Religious Beliefs. Until the early present century all Tikopia were pagan, practicing a polytheistic religion. They believed in spirit beings called atua, a term including ghosts of the dead, ancestors, and spirit powers that had never assumed human form. (These last beings were sometimes termed tupua, a word now applied mainly to the Christian God.)
Religious Practitioners. The major practitioners in rites, as priests, were the chiefs of the four clans, assisted by ritual elders who were the heads of the most important lineages. By about 1923 about half the Tikopia population became Christian, under the aegis of the Melanesian mission of the Anglican communion (now the Church of Melanesia). This conversion led to friction in the Tikopia community, but the new religion gained ground till in 1956 the last pagans, led by their chiefs, joined the church, thus radically changing ceremonies and practitioners.
Ceremonies. The major spirit beings were worshipped in elaborate rites, with offerings of food and bark cloth. The validating feature of every rite was the pouring of libations of kava, a liquid formed by chewing up the root or stem of a pepper plant ( Piper methysticum ). Every six months ceremonies were performed in which canoes, crops, temples, and people were rededicated to gods and ancestors for protection and prosperity.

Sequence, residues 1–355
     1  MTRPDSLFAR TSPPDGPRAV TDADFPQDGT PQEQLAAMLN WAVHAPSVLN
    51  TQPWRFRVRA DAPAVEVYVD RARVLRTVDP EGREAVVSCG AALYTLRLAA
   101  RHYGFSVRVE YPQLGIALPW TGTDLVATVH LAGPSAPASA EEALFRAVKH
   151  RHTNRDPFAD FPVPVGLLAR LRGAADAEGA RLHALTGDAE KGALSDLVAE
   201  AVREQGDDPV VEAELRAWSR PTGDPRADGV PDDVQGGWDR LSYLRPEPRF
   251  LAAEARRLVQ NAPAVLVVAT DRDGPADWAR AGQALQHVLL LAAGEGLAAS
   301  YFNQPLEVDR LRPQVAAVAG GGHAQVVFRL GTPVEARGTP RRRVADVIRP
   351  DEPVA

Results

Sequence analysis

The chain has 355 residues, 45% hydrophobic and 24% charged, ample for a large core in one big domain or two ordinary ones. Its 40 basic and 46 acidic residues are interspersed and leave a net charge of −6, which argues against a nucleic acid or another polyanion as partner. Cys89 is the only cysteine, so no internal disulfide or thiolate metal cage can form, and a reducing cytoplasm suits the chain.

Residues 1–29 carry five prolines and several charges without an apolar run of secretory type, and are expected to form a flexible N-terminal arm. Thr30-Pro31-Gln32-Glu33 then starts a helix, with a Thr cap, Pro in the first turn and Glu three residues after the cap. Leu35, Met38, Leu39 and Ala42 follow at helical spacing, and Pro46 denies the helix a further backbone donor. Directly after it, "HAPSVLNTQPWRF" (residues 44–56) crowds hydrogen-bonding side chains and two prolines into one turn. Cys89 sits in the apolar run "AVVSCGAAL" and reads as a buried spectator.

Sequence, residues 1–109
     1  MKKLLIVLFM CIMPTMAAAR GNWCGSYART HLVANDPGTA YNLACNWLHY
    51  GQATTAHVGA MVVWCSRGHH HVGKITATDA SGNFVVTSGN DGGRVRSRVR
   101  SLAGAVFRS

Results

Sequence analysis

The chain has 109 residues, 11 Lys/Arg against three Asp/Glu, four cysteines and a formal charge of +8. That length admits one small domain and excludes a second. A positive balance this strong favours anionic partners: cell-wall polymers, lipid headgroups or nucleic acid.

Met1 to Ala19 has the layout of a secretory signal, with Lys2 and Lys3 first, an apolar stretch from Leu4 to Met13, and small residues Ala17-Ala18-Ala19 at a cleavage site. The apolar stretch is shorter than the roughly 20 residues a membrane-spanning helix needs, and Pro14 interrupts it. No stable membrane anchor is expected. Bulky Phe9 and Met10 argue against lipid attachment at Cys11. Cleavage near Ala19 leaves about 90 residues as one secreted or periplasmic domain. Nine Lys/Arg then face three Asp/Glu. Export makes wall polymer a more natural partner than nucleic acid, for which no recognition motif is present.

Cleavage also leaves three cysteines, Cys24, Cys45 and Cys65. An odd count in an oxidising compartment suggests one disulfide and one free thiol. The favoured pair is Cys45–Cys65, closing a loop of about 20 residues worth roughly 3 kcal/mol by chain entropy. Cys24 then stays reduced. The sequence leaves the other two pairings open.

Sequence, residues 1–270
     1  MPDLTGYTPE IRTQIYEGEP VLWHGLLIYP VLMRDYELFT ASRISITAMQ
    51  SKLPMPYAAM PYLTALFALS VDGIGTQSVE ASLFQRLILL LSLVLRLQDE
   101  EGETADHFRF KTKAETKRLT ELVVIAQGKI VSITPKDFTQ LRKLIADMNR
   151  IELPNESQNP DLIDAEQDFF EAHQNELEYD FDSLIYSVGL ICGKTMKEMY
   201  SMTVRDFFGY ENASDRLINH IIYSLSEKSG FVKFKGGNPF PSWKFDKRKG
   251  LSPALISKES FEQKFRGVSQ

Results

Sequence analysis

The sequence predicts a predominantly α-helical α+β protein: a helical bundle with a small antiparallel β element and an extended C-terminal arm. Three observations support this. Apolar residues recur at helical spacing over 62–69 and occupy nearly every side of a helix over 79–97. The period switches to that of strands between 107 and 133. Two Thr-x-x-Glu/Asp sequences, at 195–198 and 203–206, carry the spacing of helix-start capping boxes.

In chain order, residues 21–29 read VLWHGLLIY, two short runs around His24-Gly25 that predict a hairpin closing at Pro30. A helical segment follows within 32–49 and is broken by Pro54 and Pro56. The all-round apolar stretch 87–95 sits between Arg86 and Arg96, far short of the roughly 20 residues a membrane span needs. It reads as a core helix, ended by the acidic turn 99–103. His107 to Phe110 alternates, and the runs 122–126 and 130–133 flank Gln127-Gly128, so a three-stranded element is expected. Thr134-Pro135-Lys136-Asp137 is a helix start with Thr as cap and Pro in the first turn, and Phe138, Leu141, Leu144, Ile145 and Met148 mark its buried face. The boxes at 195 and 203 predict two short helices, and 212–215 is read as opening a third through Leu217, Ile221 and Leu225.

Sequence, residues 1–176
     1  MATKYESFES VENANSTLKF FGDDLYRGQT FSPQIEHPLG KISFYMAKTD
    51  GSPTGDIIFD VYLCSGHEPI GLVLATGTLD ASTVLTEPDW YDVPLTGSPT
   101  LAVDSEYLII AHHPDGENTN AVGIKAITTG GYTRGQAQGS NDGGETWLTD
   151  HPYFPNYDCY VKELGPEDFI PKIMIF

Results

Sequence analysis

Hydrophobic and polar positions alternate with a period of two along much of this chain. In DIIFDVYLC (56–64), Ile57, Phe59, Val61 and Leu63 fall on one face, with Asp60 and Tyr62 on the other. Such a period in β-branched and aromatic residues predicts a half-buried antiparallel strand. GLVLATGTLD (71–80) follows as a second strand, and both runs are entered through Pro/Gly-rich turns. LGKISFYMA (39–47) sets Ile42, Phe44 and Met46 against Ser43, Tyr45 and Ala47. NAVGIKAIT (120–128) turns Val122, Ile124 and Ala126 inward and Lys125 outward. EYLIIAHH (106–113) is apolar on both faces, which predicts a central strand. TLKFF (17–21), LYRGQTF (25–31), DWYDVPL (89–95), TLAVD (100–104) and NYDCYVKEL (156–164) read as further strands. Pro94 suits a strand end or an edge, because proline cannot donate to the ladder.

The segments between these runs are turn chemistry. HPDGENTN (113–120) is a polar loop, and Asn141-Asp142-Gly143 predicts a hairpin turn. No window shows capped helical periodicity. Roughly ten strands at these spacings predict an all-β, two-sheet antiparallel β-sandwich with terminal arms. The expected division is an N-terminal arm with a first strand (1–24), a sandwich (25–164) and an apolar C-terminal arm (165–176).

Arts. The Tikopia traditionally have had little competence in graphic arts. Their sculpture consisted of simple geometrical forms applied to woodwork. Their great performing art has been dancing, which has inspired a profusion of songs and which is of great social and (formerly) religious importance.
Medicine. Tikopia medical practices were rudimentary, consisting of massage and external application of coconut oil and leaf infusions. These practices were linked with appeals to spirit forces, usually held responsible for illness. The trance—in which a medium, man or woman, explored the cause of illness and suggested remedy, in alleged spirit guise—was a common mode of treatment. Such practices still persist, but modern Tikopia rely largely on Western medicine and hospital treatment.
Death and Afterlife. A death is an occasion for great mourning. Tikopia funeral ceremonies continue after burial of the body with periodic wailing and massive exchanges of food and other goods between the kin groups concerned. Traditional conceptions of the afterlife were vague but involved a notion of a series of heavens on different levels or in different wind points (sources of prevailing winds), each controlled by a major god. There was also an image of a "rubbish pool," into which would be thrown the souls of those who had consistently misbehaved on earth. Life in the afterworld followed much the same pattern as on earth, but with dancing as the main activity. Nowadays,conceptions of the afterlife follow a Christian model, but elements of traditional belief may still persist.